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simple.
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I have never studied art and have only chosen pretty academic subjects, how hard would it be for me to get on to an art foundation course? i love the idea of archicture, but only began thinking of it now.
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samsonlcy
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I applied for Art foundation and got an interview at the AA. I dont do art but I do alot of life drawings in my free time and I think they like that sort of things. Have you thought about doing some of the summer courses for architecture some universities do. I heard they are very good at helping people decide if architecture is the thing for them.
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Dust-
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Art foundation tends to be pretty competitive because they're oversubscribed. To me it seems if it is Architecture you want to do, and you are sure thats the direction, you have a better chance applying direct, instead of spending a year doing art. Both courses will ask for a portfolio (architecture will probably ask for a smaller one !) so I see very little benefit in applying for art foundation first, it won't be very architecture related and you'll be spending a year building a portfolio you won't really need as you will have already made a portfolio to get into art.
HOWEVER!!!!
If you want a career in art but are unsure of the direction then I highly recommend Art foundation to help you decide, you get to spend 2/3rds of a year trying out different fields and spend the last 1/3rd specialising to help you build a portfolio and apply for your degree.
Like samsonlcy said a short course in Architecture would be more helpful as it will be a sample of the course, foundation art would be close but definately not the same.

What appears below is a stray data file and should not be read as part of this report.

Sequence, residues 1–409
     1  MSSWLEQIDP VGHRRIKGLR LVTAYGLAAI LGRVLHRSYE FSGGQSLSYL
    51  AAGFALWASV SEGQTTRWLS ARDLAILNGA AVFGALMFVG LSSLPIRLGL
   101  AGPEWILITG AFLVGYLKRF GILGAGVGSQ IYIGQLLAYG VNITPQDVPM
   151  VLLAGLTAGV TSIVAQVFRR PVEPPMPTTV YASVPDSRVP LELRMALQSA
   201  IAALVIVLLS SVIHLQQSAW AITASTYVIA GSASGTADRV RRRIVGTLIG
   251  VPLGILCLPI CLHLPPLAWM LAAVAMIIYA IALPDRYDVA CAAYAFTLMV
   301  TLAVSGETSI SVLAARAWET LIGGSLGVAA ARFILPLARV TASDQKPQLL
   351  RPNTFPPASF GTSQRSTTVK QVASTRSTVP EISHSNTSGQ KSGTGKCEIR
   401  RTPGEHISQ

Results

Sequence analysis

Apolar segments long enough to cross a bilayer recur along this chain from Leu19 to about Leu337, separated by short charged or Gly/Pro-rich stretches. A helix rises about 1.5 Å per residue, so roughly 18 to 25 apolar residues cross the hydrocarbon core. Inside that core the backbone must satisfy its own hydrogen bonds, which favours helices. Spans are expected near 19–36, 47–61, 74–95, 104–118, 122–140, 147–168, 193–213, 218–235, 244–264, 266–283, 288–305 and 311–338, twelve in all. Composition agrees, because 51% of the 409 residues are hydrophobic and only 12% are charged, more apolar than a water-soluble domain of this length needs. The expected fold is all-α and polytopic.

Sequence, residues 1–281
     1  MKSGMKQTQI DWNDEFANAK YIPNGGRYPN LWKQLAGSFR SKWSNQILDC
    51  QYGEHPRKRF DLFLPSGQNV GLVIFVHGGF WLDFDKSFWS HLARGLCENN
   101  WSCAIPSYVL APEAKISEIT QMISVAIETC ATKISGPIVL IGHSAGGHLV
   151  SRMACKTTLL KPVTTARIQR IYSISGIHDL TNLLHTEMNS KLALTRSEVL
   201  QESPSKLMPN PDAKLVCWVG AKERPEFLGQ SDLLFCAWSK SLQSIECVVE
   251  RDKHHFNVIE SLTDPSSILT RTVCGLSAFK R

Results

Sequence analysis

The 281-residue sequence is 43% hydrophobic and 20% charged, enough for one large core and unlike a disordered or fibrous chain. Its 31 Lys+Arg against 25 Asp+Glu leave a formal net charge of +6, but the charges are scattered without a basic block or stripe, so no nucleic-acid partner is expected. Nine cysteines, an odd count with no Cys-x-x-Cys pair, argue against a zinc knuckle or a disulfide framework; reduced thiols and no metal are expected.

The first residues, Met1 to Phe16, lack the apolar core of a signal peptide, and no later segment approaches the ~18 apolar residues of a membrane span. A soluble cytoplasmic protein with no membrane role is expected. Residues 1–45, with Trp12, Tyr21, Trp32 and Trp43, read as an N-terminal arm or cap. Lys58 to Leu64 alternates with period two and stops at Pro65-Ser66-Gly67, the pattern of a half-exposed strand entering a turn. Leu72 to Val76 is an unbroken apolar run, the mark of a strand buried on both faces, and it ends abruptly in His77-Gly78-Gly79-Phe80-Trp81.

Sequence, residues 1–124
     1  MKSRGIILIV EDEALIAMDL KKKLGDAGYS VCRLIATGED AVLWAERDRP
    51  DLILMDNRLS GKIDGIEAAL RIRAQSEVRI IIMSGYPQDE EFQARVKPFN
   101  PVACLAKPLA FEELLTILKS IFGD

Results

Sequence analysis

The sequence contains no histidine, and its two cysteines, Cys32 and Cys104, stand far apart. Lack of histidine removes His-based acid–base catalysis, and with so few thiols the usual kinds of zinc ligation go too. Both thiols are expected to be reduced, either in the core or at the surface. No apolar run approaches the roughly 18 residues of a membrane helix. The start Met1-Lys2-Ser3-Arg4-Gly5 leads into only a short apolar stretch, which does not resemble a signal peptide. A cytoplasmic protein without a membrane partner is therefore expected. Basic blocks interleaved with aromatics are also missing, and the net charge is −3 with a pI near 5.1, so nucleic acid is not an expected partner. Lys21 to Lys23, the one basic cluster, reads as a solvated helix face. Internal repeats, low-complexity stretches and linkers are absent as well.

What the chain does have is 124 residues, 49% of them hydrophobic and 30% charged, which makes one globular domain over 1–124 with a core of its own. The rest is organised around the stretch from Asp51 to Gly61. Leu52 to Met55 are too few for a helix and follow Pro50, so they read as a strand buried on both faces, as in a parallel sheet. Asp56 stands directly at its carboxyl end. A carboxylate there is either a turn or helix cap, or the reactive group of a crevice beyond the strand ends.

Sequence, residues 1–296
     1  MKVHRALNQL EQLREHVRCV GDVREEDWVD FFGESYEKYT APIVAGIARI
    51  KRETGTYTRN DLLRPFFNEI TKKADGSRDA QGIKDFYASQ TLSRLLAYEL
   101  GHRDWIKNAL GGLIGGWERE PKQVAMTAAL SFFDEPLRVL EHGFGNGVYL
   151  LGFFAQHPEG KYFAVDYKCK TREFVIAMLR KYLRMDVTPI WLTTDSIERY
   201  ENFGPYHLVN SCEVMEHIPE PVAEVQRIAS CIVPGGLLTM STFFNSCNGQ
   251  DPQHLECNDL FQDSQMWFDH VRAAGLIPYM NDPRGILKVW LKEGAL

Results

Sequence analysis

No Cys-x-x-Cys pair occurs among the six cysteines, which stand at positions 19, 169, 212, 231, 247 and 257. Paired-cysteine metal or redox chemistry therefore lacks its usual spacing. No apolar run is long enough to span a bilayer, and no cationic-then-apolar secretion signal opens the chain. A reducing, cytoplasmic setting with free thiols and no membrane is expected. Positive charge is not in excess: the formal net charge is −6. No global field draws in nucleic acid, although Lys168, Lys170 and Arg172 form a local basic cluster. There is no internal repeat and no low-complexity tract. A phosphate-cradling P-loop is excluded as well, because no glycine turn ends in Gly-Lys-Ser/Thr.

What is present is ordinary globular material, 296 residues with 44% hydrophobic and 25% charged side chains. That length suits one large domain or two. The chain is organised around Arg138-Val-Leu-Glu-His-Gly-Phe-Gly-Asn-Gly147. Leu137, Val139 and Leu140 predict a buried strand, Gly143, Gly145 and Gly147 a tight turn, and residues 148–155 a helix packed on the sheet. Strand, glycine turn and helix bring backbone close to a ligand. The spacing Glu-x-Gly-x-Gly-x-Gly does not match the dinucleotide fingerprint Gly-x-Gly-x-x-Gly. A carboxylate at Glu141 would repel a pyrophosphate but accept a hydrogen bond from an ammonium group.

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Ririii
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Hey what if i dint take physics in high school and the school i went to fint have art but im good in art .. And i dint do A levels ..Would it be possible for architecture?? Or? ... And whats chooses do i have ?? Please help im really into architect 😥
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J.N12345
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Im doing physics and dt but not maths would i be able to go into a wngineering or architectural career course
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Stewie2011
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Loads of Architecture or architecture type of uni courses around that arnt bothered about what you're A'level subjects are, you just have to look around. Think UEL never used to be too fussed but there are plenty of others. In any case CAD is now the undeniable dominant force in architecture these days, not art. In the last few years in particular have shown computer software becoming particularly strong and will continue to get stronger. So to be honest RIBA Architecture courses really need to get a grip and get with the times, its those skilled with computers they should be looking for not art that's now long in the past, it was always unfairly and unnecessarily exclusionary anyway. Tend to find though that often the better someone is in art the less conversant they are with computers, different left/right side of the brain activity I think there.